by Liam Kelly
On April 6, 2018, Sjors Provoost, a physicist who has now turned his attention to Bitcoin, tweeted the details of an experimental crypto platform similar to Patreon. Described as “a self-hosted platform to receive recurring donations” Provoost is looking to develop a censorship-resistant market equivalent based on the Lightning Network, codenamed Matreon.
Matreon: Playing with Lightning
The experimental social platform will also be integrating features of the Lightning Network. Bitcoin’s second layer protocol is a necessary prerequisite for interested parties. By leveraging this network, Matreon will also be taking advantage of Bitcoin’s censorship-resistant qualities.
Introducing Matreon*: a self hosted platform to receive recurring** donations from supporters using the #LightningNetwork. Bring your own C-Lightning node. Built with @rubyonrails, React&Reduxhttps://t.co/YMJNyPlD0C
* = needs new name
** = using a mail cron job (on todo list)
— Sjors Provoost (@provoost) April 6, 2018
C-lightning is an implementation of the Lightning Network exclusive to Linux. It also requires both React and Redux developer tools to deploy along with a familiarity with the programming language Ruby on Rails.
The platform is also only operational with version 0.15 or above and does not accommodate pruning. Lightning Charge is “A drop-in solution for accepting lightning payments, built on top of c-lightning.”
BTCManager reached out to Provoost regarding the “extremely experimental” project to find out a bit more on the subject. As the Tweet suggests, the Dutch software developer looks to provide an alternative to centralized platforms such as Patreon:
“[Patreon’s] centralized nature makes [them] censorship inevitable. They will face pressure from other creators on the platform to take down contentious content. Their exposure to Stripe and PayPal also subjects them to their whims. Matreon is self-hosted and doesn’t rely on the fiat payment system.”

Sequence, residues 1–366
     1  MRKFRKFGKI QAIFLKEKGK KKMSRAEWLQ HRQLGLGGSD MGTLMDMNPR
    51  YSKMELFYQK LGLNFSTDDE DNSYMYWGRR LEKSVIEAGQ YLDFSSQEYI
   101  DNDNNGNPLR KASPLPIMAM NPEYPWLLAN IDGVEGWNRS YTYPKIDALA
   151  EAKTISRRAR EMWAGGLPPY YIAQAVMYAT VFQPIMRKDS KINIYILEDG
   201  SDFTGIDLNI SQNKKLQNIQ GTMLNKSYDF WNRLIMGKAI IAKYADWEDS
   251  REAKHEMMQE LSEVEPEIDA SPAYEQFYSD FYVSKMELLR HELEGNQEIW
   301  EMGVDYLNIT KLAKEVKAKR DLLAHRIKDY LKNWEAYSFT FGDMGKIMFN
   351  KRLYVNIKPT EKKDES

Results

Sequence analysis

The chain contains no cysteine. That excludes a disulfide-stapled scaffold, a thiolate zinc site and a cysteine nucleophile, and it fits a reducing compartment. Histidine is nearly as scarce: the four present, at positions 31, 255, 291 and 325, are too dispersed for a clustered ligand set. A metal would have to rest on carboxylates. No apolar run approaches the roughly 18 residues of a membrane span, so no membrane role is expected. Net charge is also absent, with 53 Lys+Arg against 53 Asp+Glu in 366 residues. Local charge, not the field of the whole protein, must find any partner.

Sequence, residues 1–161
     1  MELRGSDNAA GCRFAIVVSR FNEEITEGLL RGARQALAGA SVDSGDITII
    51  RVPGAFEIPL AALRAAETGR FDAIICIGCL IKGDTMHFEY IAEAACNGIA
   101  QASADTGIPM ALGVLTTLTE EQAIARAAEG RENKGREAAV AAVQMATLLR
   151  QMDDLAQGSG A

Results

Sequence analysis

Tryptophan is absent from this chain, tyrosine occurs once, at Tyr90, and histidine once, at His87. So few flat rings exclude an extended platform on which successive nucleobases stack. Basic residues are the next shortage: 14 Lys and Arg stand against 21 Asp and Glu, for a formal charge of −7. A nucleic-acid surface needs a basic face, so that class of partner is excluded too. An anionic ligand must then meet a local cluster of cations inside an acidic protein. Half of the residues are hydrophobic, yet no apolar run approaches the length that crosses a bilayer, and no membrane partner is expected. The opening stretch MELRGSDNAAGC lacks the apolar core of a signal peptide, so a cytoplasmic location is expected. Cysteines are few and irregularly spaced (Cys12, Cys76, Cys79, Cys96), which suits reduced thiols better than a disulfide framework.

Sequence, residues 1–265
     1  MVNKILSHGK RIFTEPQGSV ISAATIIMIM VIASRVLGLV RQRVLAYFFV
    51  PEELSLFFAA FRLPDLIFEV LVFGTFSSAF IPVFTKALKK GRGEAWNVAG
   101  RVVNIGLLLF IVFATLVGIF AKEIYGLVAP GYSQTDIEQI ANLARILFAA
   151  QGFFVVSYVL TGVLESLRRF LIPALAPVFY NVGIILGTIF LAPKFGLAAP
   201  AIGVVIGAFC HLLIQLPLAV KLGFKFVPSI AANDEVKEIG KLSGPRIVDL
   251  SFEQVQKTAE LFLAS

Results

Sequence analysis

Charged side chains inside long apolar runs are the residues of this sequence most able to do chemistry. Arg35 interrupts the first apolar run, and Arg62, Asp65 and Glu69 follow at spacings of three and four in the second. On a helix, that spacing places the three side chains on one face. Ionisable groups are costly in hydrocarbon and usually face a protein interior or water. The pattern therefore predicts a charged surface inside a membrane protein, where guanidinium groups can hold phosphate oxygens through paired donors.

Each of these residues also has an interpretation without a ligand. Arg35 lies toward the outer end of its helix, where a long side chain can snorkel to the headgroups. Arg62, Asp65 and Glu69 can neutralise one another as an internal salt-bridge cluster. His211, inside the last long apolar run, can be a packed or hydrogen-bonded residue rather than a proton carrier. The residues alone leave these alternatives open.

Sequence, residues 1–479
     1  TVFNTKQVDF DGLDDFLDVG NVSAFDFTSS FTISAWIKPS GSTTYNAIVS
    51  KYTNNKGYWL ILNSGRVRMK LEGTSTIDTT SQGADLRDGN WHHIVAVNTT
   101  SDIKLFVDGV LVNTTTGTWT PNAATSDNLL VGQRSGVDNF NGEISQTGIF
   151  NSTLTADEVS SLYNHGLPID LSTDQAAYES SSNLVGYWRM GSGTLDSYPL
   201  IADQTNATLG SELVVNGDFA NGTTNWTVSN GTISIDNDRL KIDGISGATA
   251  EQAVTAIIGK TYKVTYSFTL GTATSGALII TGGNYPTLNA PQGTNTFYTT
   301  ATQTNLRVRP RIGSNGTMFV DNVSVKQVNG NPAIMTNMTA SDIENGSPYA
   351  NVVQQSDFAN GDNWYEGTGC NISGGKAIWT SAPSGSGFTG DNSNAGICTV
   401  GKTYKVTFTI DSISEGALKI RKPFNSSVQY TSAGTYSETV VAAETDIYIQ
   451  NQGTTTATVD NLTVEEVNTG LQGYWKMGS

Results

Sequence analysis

At current, Patreon members are paid for their content via PayPal, Stripe, and Payoneer. The former two methods incur a transaction fee of $0.25 or one percent of the total payout up to $20. Payoneer incurs a $3 fee per transaction. If not for the transaction fees, a switch to cryptocurrencies such as Bitcoin would also negate foul play between the payment processors and Patreon.
As such, Matreon comes to the aid of the content generators rather than the intermediaries who provide the platform. Plus, as Provoost points out, “They current don’t allow patrons to pay using cryptocurrency, nor creators to get paid that way.”
Upon following links to the respective GitHub page, one can view the live instance of the the Matreon page.
Another current barrier is determining best practice for automating recurring payments. This problem, however, is an existential one for the Lightning Network. Its resolution was, in fact, the founding motivation for Matreon, but the application would be highly attractive for the cryptocurrency community.
One reason I built this is because recurring payments, as well as taking payments on a potentially insecure web server, are something I’d like to find better solutions for over time. This should increase my motivation to do so. 🙂
— Sjors Provoost (@provoost) April 8, 2018
There is also the time factor; when asked about a final version and a potential timeline, Provoost told BTCManager, “No idea. It mainly depends on how much time I decide to put into it.”